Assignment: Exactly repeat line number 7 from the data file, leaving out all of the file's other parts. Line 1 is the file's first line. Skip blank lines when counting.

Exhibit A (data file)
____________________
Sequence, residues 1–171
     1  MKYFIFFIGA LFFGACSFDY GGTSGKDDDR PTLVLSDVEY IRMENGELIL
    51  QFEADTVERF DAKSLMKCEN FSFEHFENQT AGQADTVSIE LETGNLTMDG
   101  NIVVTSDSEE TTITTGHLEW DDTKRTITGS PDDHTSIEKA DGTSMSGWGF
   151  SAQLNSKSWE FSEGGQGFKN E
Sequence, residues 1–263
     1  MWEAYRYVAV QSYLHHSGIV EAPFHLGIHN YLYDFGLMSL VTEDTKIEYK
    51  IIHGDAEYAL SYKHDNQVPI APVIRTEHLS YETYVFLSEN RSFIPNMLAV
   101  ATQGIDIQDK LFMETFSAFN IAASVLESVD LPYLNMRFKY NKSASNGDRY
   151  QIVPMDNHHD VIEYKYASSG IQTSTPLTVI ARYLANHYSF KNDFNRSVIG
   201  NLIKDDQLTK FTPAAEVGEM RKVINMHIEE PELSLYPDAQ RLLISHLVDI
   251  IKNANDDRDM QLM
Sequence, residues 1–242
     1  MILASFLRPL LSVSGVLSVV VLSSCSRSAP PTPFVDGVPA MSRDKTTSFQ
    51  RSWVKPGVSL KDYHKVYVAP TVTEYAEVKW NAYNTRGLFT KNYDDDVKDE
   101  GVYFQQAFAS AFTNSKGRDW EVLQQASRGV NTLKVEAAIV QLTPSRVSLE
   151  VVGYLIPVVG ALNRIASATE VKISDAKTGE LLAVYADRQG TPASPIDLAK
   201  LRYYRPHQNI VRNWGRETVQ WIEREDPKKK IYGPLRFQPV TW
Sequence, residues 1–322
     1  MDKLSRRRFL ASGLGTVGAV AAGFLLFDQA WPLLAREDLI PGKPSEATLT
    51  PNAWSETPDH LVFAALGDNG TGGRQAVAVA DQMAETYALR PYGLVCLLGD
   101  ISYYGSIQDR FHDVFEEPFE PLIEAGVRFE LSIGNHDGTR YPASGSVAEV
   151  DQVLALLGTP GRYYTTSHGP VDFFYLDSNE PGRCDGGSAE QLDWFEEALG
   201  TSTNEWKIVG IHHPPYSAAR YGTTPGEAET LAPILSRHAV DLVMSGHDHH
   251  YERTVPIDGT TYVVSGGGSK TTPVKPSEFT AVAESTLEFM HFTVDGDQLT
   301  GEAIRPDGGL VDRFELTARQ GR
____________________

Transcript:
     1  MWEAYRYVAV QSYLHHSGIV EAPFHLGIHN YLYDFGLMSL VTEDTKIEYK